Inactivation of glutathione S-Transferases by nitric oxide-derived oxidants: Exploring a role for tyrosine nitration

Patrick S Y Wong, Jason P. Eiserich, Sharanya Reddy, C. Leticia Lopez, Carroll E Cross, Albert van der VlieT

Research output: Contribution to journalArticle

Abstract

Reactive intermediates derived from nitric oxide (NO) are thought to play a contributing role in dis- ase states associated with inflammation and infec-tion. We show here that glutathione S-transferases (GSTs), principal enzymes responsible for detoxifica-tion of endogenous and exogenous electrophiles, are susceptible to inactivation by reactive nitrogen spe-cies (RNS). Treatment of isolated GSTs or rat liver homogenates with either peroxynitrite, the myeloper-oxidase/hydrogen peroxide/nitrite system, or tetrani-tromethane, resulted in loss of GST activity with a concomitant increase in the formation of protein-asso-ciated 3-nitrotyrosine (NO2Tyr). This inactivation was only partially (25%) reversible by dithiothreitol, and exposure of GSTs to hydrogen peroxide orS-nitroso-glutathione was only partially inhibitory (25%) and did not result in protein nitration. Thus, irreversible modifications such as tyrosine nitration may have con-tributed to GST inactivation by RNS. Since all GSTs contain a critical, highly conserved, active-site ty-rosine residue, we postulated that this Tyr residue might present a primary target for nitration by RNS, thus leading to enzyme inactivation. To directly inves-tigate this possibility, we analyzed purified mouse liver GST-m, following nitration by several RNS, by trypsin digestion, HPLC separation, and matrix-as-sisted laser desorption/ionization-time of flight analy-sis, to determine the degree of tyrosine nitration of individual Tyr residues. Indeed, nitration was found to occur preferentially on several tyrosine residues located in and around the GST active site. However, RNS concentrations that resulted in near complete GST inactivation only caused up to 25% nitration of even preferentially targeted tyrosine residues. Hence, nitration of active-site tyrosine residues may contrib-ute to GST inactivation by RNS, but is unlikely to fully account for enzyme inactivation. Overall, our studies illustrate a potential mechanism by which RNS may promote (oxidative) injury by environmental pollut-ants in association with inflammation.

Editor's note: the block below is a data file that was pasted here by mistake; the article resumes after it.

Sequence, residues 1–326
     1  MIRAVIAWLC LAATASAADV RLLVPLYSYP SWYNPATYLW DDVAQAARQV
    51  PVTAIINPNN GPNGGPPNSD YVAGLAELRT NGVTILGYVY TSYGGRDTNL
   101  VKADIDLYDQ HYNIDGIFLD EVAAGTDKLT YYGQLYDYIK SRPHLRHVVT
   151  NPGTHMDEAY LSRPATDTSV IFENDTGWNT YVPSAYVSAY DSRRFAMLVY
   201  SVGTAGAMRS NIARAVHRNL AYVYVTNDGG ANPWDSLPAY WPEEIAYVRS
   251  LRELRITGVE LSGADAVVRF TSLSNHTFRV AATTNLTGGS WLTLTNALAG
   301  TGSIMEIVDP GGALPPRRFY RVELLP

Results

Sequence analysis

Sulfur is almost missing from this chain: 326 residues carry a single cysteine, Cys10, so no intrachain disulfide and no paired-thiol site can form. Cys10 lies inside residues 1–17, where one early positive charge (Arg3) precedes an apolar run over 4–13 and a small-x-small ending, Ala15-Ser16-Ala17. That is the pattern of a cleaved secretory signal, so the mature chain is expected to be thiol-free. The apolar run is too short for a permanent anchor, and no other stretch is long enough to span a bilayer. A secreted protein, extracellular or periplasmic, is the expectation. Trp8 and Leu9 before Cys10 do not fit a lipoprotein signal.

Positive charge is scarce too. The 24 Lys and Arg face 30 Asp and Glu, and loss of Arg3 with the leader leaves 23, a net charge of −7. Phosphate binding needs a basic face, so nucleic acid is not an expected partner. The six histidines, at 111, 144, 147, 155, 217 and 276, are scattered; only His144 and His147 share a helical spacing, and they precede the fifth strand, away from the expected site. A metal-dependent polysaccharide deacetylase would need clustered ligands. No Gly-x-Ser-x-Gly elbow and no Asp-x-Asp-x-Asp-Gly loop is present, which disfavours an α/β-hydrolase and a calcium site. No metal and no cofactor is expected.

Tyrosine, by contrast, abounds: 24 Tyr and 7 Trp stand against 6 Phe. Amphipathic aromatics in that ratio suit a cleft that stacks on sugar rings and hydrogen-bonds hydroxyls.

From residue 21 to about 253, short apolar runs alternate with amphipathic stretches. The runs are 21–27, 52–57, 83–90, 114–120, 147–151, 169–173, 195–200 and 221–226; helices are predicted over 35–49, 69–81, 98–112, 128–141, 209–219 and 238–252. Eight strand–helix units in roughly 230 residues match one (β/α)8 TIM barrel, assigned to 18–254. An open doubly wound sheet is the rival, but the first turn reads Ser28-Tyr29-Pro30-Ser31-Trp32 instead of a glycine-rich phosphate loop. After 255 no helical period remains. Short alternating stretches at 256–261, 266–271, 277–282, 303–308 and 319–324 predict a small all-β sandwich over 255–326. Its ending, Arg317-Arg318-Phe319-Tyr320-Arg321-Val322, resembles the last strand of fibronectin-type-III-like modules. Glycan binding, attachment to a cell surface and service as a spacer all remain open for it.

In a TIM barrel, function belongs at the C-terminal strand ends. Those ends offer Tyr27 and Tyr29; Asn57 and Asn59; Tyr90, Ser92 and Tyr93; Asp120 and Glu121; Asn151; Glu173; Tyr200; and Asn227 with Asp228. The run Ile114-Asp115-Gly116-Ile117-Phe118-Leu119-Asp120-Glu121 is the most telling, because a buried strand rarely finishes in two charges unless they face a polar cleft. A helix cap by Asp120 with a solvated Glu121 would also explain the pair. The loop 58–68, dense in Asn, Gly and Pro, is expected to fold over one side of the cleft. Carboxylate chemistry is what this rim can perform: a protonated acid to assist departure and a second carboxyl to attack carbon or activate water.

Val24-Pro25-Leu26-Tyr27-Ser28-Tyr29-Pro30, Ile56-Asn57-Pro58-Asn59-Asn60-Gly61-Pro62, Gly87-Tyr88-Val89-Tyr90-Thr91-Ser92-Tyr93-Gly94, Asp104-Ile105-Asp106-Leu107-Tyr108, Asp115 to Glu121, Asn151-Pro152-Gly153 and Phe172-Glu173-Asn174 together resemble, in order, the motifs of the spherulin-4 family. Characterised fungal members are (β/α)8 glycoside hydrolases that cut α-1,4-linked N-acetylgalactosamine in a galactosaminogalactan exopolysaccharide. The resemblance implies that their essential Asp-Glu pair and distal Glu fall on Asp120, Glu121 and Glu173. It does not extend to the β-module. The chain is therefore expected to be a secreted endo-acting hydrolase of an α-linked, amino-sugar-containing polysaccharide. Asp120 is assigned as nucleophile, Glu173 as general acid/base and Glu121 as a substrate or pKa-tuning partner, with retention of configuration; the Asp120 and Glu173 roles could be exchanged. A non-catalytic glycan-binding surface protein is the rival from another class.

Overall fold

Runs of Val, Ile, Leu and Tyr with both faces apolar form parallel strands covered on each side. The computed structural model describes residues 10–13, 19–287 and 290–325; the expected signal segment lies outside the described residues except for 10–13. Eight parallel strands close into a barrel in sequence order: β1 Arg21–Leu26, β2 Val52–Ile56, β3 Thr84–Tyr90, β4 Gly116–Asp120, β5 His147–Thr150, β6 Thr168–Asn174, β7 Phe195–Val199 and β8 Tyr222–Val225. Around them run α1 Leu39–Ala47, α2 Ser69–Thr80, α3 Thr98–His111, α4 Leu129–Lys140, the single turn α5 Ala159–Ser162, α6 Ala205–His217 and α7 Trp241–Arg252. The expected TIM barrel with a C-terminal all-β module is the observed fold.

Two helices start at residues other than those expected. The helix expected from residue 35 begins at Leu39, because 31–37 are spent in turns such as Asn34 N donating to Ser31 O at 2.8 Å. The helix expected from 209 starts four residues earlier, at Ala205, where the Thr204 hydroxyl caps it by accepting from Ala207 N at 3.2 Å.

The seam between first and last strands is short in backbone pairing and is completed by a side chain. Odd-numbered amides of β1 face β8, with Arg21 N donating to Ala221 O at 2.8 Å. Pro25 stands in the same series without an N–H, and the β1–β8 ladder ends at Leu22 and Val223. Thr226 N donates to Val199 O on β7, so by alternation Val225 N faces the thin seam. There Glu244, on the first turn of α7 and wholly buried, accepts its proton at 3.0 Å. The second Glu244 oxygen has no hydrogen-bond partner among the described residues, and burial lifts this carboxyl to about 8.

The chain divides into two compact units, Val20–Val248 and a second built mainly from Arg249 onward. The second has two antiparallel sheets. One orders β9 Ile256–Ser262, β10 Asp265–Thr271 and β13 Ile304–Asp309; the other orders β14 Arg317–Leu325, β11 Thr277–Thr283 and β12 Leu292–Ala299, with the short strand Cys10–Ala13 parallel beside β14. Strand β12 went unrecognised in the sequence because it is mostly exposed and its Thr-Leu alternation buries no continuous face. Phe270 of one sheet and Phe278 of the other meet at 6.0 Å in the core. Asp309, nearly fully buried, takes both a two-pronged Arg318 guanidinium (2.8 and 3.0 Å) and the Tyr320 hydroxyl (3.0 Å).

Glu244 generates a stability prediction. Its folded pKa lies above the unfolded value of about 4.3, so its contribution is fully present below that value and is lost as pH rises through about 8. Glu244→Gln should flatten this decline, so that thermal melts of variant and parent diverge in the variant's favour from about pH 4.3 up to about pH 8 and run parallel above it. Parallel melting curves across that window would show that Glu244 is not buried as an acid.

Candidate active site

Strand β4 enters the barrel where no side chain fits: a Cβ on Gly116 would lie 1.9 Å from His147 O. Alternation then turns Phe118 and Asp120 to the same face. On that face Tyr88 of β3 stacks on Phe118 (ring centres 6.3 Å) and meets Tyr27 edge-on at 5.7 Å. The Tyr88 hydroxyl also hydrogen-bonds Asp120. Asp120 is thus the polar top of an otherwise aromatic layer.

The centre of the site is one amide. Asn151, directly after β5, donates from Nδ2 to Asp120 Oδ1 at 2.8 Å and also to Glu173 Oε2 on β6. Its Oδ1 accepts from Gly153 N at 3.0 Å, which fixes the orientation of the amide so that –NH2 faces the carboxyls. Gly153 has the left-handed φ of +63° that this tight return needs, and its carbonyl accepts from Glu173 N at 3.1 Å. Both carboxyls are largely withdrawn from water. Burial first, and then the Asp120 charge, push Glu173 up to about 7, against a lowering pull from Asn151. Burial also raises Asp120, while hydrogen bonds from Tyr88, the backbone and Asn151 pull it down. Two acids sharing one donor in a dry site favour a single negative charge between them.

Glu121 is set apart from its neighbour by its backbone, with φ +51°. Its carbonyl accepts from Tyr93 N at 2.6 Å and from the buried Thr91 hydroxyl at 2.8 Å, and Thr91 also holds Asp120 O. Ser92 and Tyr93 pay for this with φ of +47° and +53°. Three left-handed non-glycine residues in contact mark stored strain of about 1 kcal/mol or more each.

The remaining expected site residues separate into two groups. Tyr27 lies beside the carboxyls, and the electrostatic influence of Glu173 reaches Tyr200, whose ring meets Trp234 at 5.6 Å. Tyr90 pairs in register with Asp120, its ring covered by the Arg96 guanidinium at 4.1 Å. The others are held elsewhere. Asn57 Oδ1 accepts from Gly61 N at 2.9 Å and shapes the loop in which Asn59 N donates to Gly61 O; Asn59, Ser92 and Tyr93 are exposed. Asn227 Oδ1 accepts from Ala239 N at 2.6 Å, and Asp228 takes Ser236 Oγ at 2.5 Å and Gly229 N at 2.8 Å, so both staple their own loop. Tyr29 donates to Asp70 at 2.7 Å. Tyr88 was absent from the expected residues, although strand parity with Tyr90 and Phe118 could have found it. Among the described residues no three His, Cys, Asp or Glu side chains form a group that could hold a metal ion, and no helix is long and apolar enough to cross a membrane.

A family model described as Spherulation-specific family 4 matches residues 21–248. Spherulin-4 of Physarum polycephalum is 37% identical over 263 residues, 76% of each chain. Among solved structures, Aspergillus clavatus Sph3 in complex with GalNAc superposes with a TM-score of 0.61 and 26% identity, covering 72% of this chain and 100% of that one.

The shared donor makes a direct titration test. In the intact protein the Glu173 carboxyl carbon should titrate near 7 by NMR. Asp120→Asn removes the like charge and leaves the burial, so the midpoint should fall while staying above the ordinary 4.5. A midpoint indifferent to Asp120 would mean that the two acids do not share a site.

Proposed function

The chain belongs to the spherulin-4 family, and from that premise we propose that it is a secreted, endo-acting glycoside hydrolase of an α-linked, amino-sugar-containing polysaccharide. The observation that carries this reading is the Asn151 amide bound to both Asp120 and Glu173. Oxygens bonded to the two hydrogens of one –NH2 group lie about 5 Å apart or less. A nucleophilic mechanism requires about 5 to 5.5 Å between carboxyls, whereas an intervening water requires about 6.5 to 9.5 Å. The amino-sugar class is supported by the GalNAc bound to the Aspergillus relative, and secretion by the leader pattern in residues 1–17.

Original languageEnglish (US)
Pages (from-to)183-190
Number of pages8
JournalAnalytical Biochemistry
Volume297
Issue number2
DOIs
StatePublished - Oct 15 2001

Fingerprint

Nitration
Glutathione Transferase
Oxidants
Tyrosine
Nitric Oxide
Nitrogen
Catalytic Domain
Liver
Hydrogen Peroxide
Enzymes
Inflammation
Peroxynitrous Acid
Ants
Dithiothreitol
Nitrites
Trypsin
Ionization
Glutathione
Rats
Digestion

Keywords

  • GlutathioneS-transferase
  • In-flammation
  • Myeloperoxidase
  • Nitric oxide
  • Peroxynitrite
  • Protein oxidation
  • Tyrosine nitration

ASJC Scopus subject areas

  • Biophysics
  • Biochemistry
  • Molecular Biology
  • Cell Biology

Cite this

Inactivation of glutathione S-Transferases by nitric oxide-derived oxidants : Exploring a role for tyrosine nitration. / Wong, Patrick S Y; Eiserich, Jason P.; Reddy, Sharanya; Lopez, C. Leticia; Cross, Carroll E; van der VlieT, Albert.

In: Analytical Biochemistry, Vol. 297, No. 2, 15.10.2001, p. 183-190.

Research output: Contribution to journalArticle

Wong, Patrick S Y ; Eiserich, Jason P. ; Reddy, Sharanya ; Lopez, C. Leticia ; Cross, Carroll E ; van der VlieT, Albert. / Inactivation of glutathione S-Transferases by nitric oxide-derived oxidants : Exploring a role for tyrosine nitration. In: Analytical Biochemistry. 2001 ; Vol. 297, No. 2. pp. 183-190.
@article{b7457077f6b743e4aeab7ae5ae86dba3,
title = "Inactivation of glutathione S-Transferases by nitric oxide-derived oxidants: Exploring a role for tyrosine nitration",